“Once I was at Children’s and knew it hadn’t spread, I had hope and realized that I was going to beat it and survive,” said Jake. “With Children’s care and an expert in my specific cancer, I knew I had a much better chance of survival. I am fortunate to have the best care in the world just 20 minutes from my house, and that made the biggest difference.”
Jake started treatment at Children’s the day after his 19th birthday, and when asked about how he felt about going to a pediatric hospital, he said it was his first choice.
“I could have gone to an adult hospital, but I wanted to go to Children’s,” said Jake. “Not only because of Dr. Hawkins, but I’d also rather be treated with kids than with much older people. Kids are far more energetic and for me, it’s much easier to connect with them. The nurses at Children’s are also the best because of the energy they bring and the enthusiasm they have for what they do.”
Jake started an intensive treatment regime of 17 rounds of chemotherapy, 12 inpatient and five outpatient, as well as six weeks of radiation.
On top of it all, the first week he started treatment his grandma died from pancreatic cancer after losing a two-year fight against the disease.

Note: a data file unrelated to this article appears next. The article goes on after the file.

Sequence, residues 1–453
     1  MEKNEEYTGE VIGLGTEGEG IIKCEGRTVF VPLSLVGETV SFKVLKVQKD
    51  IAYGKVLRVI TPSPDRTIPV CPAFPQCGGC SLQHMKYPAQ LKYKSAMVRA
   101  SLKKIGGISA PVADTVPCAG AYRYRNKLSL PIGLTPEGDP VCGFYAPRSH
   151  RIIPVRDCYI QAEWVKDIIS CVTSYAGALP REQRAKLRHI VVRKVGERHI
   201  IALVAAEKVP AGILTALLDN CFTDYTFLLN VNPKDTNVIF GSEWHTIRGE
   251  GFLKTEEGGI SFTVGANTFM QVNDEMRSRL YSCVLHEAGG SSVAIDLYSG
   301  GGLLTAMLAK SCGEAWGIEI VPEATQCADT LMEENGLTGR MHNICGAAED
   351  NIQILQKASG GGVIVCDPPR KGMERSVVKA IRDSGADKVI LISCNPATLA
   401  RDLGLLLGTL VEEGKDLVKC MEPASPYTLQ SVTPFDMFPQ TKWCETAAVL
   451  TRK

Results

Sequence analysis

“It was really hard. It just added to the whole situation and just made it worse,” said Jake. “It was a lot to handle all at once.”
On the forefront of research for Ewing sarcoma
Being at Children’s, Jake had the opportunity to participate in a phase III clinical trial for Ewing sarcoma that is being led at the hospital by Hawkins and is through the Children’s Oncology Group (COG). COG is the world’s largest clinical trials group that’s devoted to childhood and adolescent cancer research. Hawkins is the principal investigator for COG activity at Children’s, a member of the COG Bone Sarcoma Disease Committee and chair of the COG Soft Tissue Sarcoma Committee.
The trial is studying the effectiveness of combination chemotherapy, or adding an extra chemo drug, topotecan, to the standard treatment for Ewing sarcoma. This combination chemotherapy has showed positive results in a previous trial where it was used in treating recurrences of Ewing sarcoma.